Today’s aim is to teach children about traditional African patterns, based on the ornaments used to decorate houses of the Ndebele people and learn to create ornaments.
- photos of the Ndebele houses (attachment 9.1)
- rules of the game (attachment 9.2)
- house template (attachment 9.3)
- brown paper
Introduce the children to the topic by showing them a few pictures of houses from attachment 9.1. Explain to the children that they will learn about a type of African architecture which is unique at the global scale: the houses of the African tribe Ndebele that lives in Zimbabwe.
Print out the attachments. Decide whether the children should create their own houses or wok in groups. If you choose group work, every group should be responsible for one house.
The Ndebele houses are famous for their beautiful ornaments. Those patterns were a secret code of the tribe’s members, developed as a result of wars they waged with other tribes. Their opponents did not understand the symbols and thought that they were only simple, harmless paintings. In fact, the ornaments were part of the Ndebele people’s identity. The tribesmen used them to express their sadness and as prayers.
One child throws a dice and draws a pattern they have to recreate on their house template. The next child throws the dice and draws another pattern to add. This way they create an ornament, which is a repeatable pattern. Explain to the children that an ornament is usually symmetrical, which means that its left side is a mirror reflection of the right side (you can show it to the children, using a mirror).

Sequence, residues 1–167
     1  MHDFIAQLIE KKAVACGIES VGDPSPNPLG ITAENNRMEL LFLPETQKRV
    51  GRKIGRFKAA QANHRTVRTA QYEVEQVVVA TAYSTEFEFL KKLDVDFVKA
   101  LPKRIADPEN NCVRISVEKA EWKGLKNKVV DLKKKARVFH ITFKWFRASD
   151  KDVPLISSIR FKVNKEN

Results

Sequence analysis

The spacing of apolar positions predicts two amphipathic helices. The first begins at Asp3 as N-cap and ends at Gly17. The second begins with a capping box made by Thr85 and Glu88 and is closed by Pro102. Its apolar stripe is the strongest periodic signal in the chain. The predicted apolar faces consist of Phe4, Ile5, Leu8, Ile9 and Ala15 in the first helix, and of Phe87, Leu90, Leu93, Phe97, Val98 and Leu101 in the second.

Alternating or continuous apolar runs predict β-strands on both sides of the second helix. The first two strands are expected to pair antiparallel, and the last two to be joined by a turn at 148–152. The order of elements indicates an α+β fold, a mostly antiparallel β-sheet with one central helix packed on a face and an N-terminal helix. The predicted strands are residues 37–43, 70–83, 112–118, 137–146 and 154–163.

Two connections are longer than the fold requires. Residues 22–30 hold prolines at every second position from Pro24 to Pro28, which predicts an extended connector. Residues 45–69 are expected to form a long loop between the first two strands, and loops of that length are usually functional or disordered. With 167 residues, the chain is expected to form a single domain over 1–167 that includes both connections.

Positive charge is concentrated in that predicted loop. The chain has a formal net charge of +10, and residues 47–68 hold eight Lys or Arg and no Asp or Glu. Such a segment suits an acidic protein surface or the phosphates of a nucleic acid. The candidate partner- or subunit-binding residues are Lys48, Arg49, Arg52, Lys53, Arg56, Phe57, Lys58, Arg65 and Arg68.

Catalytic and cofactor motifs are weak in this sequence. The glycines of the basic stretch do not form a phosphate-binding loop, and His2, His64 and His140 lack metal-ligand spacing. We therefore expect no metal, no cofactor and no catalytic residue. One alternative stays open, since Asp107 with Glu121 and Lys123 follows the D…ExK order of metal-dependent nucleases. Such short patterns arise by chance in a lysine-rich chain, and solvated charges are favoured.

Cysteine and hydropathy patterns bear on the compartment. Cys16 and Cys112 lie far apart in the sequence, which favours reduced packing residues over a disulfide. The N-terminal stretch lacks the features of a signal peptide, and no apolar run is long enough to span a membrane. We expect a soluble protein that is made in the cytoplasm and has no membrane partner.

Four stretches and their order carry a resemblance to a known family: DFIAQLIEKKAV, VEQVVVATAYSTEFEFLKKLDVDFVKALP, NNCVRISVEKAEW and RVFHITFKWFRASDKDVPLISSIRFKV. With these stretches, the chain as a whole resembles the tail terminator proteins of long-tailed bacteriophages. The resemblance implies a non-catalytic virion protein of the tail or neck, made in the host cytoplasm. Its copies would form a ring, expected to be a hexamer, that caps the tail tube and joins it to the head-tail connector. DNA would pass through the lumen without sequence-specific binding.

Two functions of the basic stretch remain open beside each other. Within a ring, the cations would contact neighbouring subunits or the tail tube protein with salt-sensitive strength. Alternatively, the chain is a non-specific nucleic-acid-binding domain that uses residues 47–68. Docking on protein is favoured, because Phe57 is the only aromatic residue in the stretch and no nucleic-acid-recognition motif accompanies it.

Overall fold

If children work on their own, they throw the dice multiple times to draw a few different patterns to recreate (one pattern may be used more than once. The aim of the activity is to create a repeatable ornament). The whole house should be decorated after six throws of the dice, unless you decide that children are ready for a longer activity. In such case, establish how many patterns (dice throws) they need to decorate their houses.
After the whole house is covered with ornaments, it can be painted. It is best to choose a few colours and use them alternatively. The houses should then be cut out and put aside. It is the time to create roofs. Cut out the roof template, outline it on the brown paper and then cut out. The children need to make a few cuts at the base of the roof to make it look like straw. Then they glue the roof to the house.
The artwork is ready! 🙂
Project is financed by European Union. This project is a part of global advocacy campaign of Habitat for Humanity aimed at improvement of access to land for a shelter.